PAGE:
Chinese liberal activist Amy Chiou has penned an article in The Charlotte Observer expressing her frustration with people who take pride by saying “I’m a native Charlottean” in being from the city in which she now resides. Chiou writes about how natives look skeptically upon the team of outside political activists she leads in setting up shop in their city:
The first time I heard these words, I was working on a political campaign. People walked into our campaign office constantly to express their skepticism of a team of outsiders. They questioned whether we could win a local election.
Chiou blasts the city’s “system of inequity” and natives of the city who prefer that their way of doing things not be pushed aside by outsiders. Is this unreasonable of Charlotte natives? Chiou seems to think so. She contrasts natives as “people who have a history here” with outsiders such as herself, described as “people who want a future here.” She also writes that pride in one’s home city makes her feel unwelcome, attacking the phrase, “I’m a native Charlottean.”
Personally, when I hear these words, I feel unwelcome. I am reminded of my outsider status. I want to be respectful of history and context and as a result, take longer to offer my ideas. I spend time figuring out how to present solutions in the “Charlotte way.” A few times a month, I think about whether I belong here. And, I’m not alone.
Not only does Chiou demand that natives change their ways to accomodate her and stop expressing pride in Charlotte as their home city, she also admits to working with a group of “young civic leaders” who do not identify with the city but wish to determine its future. She is the executive director of a far-Left group called Queen City Forward.
Last week, I attended a meeting of young civic leaders. As part of our introductions, we were asked whether we considered Charlotte “home.” Only one person out of ten said yes, and yet, collectively, we had contributed so much to making Charlotte a great place. Around a single table were people involved with alleviating homelessness, improving public education, catalyzing entrepreneurship, transforming criminal justice, elevating local politics, developing mentorship and leadership and building community. Professionally, we represented real estate, law, public service, higher education, nonprofit, banking, and tech. And yet, we were hesitant, almost reluctant, to claim Charlotte as our home.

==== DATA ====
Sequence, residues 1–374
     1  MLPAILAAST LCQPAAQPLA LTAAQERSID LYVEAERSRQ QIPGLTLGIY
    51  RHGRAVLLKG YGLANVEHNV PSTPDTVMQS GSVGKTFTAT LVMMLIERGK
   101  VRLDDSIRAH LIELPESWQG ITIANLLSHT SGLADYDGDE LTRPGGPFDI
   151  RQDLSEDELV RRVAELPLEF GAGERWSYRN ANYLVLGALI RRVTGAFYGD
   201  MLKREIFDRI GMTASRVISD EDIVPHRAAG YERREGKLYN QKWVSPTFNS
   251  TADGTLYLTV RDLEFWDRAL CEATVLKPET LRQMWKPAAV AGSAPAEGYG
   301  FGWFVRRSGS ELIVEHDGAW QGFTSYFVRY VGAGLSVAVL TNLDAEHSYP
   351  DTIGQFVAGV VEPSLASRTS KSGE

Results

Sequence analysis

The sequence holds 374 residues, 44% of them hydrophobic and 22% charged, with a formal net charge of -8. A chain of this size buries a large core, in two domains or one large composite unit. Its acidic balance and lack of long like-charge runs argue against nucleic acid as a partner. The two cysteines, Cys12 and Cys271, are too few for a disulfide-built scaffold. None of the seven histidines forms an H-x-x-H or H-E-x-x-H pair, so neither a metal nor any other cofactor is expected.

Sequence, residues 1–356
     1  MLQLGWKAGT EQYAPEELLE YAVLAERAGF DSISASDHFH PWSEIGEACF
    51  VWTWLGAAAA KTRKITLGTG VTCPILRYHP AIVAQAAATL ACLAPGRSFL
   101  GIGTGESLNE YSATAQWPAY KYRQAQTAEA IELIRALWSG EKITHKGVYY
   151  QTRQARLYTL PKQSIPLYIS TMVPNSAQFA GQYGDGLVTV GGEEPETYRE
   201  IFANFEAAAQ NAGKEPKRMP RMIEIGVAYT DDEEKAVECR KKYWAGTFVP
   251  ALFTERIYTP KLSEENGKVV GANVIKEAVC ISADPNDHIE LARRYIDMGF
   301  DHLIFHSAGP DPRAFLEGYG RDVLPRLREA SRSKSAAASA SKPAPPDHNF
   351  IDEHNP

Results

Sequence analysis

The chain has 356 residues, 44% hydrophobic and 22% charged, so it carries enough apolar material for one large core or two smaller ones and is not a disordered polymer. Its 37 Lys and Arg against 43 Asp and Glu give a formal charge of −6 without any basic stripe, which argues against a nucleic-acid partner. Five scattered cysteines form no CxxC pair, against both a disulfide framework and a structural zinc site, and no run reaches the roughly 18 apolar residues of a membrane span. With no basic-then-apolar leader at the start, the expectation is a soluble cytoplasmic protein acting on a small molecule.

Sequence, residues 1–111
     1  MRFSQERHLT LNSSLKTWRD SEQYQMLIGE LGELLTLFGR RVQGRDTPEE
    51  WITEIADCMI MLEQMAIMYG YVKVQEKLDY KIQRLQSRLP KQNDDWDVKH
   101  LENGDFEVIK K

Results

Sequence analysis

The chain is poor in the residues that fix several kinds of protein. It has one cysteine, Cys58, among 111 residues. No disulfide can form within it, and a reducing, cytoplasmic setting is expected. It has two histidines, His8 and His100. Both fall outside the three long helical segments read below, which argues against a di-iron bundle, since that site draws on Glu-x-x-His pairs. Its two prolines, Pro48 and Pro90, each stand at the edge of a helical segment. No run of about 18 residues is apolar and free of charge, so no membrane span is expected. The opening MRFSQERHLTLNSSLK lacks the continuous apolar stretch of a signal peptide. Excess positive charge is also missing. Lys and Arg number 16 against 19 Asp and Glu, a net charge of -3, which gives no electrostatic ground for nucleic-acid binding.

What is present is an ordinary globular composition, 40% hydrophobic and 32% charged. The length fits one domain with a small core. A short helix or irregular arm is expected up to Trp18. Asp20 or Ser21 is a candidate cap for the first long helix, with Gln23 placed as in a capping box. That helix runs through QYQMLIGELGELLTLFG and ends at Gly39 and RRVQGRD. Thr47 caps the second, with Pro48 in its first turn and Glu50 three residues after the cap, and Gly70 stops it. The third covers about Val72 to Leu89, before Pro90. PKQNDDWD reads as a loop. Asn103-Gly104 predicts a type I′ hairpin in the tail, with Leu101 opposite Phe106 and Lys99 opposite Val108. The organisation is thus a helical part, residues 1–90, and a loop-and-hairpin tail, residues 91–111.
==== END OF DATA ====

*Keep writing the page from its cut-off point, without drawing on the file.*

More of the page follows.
This is hubris, plain and simple. Why should an outsider, especially one who does not identify with a city, have a say in its politics and organization? Imagine the arrogance of penning an article in a major newspaper of such a city detailing all of this and expecting sympathy from readers.
I once lived in a foreign city for a number of years. I knew I was a foreigner there and never sought to undermine the natives’ sense of pride or ownership of their city. I was an outsider, a foreigner. As such, my opinion meant almost nothing there. This is a lesson Chiou appears unable to learn. She questions whether she, a racial alien and Leftist activist who does not identify with a Southern city, belongs in that city. I can tell her without hesitation that she does not belong. It is perfectly reasonable for natives to be upset with her as she tries to change their politics and culture to fit her values.
It is time for Amy Chiou to say goodbye to Charlotte, North Carolina. Shanghai is calling you home, Chiou. It is ruled by the Communist Party, so I know you will feel at home there. And it is populated by Chinese people like yourself, so you should have no problem identifying with it.
As you hopefully pack your bags I’m sure that many people in Charlotte will join me in happily bidding you “ciao,” Amy.